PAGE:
Citing a growing number of COVID-19 cases and hospitalizations in New Hampshire over the last several weeks, Governor Chris Sununu has issued a state-wide mask mandate. Pursuant to Emergency Order 74, effective November 20, 2020, through January 15, 2021, “all persons over the age of 5 within the State of New Hampshire shall wear a mask or cloth face covering over their noses and mouths any time they are in public spaces, indoors or outdoors, where they are unable to or do not consistently maintain a physical distance of at least six feet from persons outside their own households.”
For purposes of the Order, the term “public spaces” includes any part of private or public property that is generally open or accessible to members of the general public. Public spaces include but are not limited to, lobbies, waiting areas, outside plazas or patios, restaurants, retail businesses, streets, sidewalks, parks, beaches, elevators, restrooms, stairways, parking garages, etc.
The Order is not intended to override any provisions related to the wearing of masks and cloth face coverings that are contained within industry-specific guidance that is part of Exhibit B to Emergency Order 52 (the “Universal Guidelines for All New Hampshire Employers and Employees”). Additionally, nothing in the Order is intended to prevent municipalities from enacting their own ordinances that contain stricter provisions for wearing face masks or cloth coverings than those in the Order.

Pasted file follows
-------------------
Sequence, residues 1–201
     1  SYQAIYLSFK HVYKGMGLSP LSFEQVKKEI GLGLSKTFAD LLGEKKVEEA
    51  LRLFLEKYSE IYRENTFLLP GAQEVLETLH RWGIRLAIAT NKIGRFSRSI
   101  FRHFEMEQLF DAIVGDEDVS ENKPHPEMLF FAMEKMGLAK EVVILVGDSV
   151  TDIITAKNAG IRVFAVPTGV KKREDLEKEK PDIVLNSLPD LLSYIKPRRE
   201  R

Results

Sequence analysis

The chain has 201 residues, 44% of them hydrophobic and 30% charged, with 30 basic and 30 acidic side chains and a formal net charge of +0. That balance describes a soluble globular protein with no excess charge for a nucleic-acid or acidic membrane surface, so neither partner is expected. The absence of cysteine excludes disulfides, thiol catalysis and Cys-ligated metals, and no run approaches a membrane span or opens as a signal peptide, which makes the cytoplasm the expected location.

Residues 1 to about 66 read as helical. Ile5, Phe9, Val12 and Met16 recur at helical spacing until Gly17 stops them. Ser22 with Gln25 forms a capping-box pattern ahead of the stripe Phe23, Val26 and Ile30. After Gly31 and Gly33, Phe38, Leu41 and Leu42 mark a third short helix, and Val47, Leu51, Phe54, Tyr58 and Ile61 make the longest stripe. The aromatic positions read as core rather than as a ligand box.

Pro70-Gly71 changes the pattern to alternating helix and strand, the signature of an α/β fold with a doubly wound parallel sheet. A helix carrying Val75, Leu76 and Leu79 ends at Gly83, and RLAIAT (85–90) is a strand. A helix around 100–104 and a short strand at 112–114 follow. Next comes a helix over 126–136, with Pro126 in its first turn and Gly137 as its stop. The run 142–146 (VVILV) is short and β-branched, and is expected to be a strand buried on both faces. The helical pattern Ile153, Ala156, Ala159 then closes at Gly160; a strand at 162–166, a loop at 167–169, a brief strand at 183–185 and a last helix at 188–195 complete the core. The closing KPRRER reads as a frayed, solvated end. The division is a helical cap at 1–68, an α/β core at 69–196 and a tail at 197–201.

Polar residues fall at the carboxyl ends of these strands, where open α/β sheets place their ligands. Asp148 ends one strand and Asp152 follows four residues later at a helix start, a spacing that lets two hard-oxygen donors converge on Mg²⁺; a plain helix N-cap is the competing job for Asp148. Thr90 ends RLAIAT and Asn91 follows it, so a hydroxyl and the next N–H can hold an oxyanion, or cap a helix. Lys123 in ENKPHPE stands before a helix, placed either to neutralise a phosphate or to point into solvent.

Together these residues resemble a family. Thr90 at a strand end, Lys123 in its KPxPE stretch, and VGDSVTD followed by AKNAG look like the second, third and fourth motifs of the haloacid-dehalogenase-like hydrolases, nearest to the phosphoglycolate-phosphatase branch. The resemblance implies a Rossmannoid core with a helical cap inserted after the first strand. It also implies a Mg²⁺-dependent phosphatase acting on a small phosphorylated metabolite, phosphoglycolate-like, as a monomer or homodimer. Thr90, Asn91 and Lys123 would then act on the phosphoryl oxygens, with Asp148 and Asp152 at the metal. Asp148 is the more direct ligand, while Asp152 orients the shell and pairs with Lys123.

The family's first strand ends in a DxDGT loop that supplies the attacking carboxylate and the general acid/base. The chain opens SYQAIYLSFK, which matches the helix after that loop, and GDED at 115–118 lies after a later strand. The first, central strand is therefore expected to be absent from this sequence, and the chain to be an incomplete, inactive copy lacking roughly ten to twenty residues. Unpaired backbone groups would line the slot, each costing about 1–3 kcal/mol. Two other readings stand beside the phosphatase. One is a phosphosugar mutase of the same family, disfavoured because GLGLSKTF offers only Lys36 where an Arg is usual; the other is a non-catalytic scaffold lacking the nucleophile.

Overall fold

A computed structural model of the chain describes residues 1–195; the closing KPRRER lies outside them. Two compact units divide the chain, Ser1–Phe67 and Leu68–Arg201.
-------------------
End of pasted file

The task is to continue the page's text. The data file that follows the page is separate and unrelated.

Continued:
Notably, there are several exceptions to the mandate. For example, the Order shall not apply to:
Further, any person who declines to wear a mask or cloth face covering because of a medical or developmental issue, or difficulty breathing, shall not be required to produce documentation or other evidence, verifying their condition.
Due to the exceptions for medical conditions and disabilities that may prevent someone from wearing a face covering, it is important that businesses follow the requirements of the Order and consider other applicable laws, such as the Americans with Disabilities Act of 1990 and New Hampshire’s Law Against Discrimination to determine whether a reasonable accommodation can or should be made for someone who declines to wear a mask or cloth face covering. Reasonable accommodations can take many forms, such as no-contact alternatives and curbside pick-up for customers in retail settings. It is also important to remember that guidance from the Centers for Disease Control and Prevention (CDC) makes clear that a business does not need to allow an unmasked member of the public if it creates a health and safety risk.
It is imperative that businesses stay up-to-date with their legal obligations as the COVID-19 pandemic continues into the future and as federal, state, and local requirements evolve.
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